Background: Endoscopic screening of families predisposed to pancreatic cancer is increasingly used, but the cost-effectiveness of screening is unknown.
Methods: A decision analysis was used to compare one-time screening for pancreatic dysplasia with EUS to no screening in a hypothetical cohort of 100 members of familial pancreatic cancer kindreds. Abnormal EUS findings are confirmed with ERCP and patients with abnormal findings are candidates for total pancreatectomy. Lifetime medical care costs and life expectancy were modeled, and the main analysis was conducted from the third-party payer perspective. The base-case analysis assumed a 20% prevalence of pancreatic dysplasia and 90% sensitivity of EUS and ERCP.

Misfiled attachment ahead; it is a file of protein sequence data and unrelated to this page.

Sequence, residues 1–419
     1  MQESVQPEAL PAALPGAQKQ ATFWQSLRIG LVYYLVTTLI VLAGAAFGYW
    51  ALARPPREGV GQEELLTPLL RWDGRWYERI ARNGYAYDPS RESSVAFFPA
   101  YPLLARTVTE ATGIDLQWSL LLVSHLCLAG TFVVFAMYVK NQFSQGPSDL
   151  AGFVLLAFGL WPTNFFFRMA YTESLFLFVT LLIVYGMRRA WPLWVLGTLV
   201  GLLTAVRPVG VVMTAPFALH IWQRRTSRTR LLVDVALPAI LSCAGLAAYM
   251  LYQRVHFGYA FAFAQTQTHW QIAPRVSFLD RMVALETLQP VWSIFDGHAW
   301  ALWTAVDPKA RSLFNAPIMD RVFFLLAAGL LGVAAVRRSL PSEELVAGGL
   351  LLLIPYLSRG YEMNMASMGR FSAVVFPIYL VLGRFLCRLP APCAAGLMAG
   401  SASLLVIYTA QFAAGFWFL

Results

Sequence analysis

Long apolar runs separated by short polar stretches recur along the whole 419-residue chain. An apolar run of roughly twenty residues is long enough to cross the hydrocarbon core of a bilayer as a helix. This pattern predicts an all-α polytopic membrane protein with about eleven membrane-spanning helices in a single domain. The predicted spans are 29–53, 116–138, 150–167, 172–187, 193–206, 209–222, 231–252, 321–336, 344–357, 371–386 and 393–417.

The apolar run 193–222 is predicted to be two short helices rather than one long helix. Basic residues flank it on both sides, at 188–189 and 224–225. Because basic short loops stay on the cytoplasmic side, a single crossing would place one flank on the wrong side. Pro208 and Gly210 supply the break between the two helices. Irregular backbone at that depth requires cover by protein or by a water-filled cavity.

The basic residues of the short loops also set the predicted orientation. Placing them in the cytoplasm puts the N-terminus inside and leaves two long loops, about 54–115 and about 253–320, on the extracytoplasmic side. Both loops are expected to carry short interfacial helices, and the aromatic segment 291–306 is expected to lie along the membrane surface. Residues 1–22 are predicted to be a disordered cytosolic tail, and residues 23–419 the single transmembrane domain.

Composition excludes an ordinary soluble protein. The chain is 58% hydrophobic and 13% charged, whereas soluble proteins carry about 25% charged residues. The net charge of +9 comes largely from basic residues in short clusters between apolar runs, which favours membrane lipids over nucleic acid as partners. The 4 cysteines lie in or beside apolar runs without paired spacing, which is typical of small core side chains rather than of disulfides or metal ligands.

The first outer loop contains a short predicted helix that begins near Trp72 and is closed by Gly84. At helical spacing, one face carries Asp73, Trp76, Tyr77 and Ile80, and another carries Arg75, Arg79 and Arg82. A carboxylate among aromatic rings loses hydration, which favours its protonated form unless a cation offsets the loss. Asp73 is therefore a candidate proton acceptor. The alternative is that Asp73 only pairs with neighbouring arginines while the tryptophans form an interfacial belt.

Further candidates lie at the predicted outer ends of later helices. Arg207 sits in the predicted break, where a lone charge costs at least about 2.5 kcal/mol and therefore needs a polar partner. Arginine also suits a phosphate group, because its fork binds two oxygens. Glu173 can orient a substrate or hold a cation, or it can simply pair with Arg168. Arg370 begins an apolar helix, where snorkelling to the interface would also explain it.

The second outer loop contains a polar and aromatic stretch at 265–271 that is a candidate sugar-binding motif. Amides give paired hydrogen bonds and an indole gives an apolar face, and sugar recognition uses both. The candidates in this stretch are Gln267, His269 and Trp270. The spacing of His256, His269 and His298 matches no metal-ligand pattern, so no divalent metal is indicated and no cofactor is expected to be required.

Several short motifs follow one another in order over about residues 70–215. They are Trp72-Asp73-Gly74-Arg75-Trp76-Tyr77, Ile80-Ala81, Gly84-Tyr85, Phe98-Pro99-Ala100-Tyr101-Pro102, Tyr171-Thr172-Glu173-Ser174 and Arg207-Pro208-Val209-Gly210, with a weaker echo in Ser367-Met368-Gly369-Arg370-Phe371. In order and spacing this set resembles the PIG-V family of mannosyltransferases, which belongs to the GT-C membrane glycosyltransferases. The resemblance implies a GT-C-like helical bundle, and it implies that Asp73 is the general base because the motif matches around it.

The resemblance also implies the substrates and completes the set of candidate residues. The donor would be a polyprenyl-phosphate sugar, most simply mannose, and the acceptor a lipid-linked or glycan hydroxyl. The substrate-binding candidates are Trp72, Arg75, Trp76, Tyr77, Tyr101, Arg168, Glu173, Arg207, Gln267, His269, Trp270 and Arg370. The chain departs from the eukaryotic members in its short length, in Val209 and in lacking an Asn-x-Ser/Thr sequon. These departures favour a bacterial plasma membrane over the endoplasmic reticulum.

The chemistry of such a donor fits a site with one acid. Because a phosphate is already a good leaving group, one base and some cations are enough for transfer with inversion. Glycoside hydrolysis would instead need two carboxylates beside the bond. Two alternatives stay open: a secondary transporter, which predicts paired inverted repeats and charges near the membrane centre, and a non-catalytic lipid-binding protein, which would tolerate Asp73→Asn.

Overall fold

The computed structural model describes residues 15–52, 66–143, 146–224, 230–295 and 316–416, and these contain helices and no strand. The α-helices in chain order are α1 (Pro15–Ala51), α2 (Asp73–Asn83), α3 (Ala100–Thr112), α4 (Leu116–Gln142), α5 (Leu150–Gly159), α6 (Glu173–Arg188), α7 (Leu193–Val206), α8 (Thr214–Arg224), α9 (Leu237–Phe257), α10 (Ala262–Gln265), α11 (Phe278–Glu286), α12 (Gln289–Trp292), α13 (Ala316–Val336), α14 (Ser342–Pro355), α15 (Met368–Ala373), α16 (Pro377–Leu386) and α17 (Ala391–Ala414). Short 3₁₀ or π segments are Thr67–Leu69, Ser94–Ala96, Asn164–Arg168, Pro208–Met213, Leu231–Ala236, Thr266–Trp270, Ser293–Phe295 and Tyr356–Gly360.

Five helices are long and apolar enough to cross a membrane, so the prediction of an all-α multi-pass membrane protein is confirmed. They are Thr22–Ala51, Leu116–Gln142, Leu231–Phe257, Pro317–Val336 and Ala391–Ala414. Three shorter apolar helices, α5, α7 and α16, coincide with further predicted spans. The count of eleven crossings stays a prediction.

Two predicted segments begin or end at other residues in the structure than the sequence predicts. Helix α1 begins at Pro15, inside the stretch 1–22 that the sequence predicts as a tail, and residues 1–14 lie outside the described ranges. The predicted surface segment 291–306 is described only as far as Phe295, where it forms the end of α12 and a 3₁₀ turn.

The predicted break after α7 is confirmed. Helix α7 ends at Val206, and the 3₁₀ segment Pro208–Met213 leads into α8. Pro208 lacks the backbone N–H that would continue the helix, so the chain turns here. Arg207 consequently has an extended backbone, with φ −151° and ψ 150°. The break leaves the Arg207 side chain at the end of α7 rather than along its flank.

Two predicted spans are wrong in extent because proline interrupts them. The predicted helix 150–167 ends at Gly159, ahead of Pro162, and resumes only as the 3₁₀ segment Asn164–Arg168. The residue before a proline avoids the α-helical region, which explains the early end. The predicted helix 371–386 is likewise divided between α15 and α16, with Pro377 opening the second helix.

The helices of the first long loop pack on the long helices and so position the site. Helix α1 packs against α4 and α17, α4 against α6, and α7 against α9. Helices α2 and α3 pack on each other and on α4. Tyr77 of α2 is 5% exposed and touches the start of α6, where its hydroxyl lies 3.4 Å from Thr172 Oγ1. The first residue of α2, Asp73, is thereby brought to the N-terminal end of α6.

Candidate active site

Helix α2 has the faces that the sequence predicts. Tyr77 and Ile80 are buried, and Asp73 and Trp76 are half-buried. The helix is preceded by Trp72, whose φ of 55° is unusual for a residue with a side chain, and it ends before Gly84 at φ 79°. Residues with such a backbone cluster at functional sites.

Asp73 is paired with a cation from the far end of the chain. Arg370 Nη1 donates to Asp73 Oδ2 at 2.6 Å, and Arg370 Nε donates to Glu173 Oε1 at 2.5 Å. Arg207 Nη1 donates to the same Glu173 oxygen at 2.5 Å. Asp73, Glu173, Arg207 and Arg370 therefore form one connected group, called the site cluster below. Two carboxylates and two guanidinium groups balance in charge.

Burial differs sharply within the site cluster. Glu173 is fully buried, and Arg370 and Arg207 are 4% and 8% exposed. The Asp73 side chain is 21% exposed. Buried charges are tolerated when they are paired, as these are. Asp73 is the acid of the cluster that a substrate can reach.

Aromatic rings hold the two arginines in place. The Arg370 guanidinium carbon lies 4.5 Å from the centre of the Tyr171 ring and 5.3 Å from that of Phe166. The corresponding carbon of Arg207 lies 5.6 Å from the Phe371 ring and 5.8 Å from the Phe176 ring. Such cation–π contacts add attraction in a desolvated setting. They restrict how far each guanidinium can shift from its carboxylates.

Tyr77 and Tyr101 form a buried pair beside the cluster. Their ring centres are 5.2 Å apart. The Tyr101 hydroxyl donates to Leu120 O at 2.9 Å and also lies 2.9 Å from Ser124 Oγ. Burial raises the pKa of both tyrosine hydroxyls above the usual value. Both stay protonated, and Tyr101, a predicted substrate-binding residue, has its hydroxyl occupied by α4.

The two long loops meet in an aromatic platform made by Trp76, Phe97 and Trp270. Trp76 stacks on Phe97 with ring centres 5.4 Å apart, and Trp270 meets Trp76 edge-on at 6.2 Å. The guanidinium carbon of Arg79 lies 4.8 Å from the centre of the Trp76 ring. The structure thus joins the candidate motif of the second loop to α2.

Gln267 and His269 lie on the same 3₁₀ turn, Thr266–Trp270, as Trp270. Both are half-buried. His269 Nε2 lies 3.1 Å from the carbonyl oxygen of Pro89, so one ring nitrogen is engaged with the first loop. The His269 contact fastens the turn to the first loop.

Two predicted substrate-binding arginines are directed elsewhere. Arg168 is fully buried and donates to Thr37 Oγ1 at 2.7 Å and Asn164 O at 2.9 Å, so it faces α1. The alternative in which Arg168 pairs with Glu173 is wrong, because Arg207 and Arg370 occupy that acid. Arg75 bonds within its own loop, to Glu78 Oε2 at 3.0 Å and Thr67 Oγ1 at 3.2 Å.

Results: Endoscopic screening was cost-effective, with an incremental cost-effectiveness ratio of $16,885/life-year saved. Screening was more cost-effective as the probability of dysplasia increased and as the sensitivity of EUS and ERCP increased. Screening remained cost-effective if the prevalence of dysplasia was greater than 16% or if the sensitivity of EUS was greater than 84%. Procedure costs had a limited impact on cost-effectiveness.
Conclusions: Endoscopic screening of carefully selected members of familial pancreatic cancer kindreds appears to increase patient life expectancy in a cost-effective manner. Screening should be performed in centers that have experience with endoscopic screening for pancreatic dysplasia. The cost-effectiveness of repeated screening remains to be determined.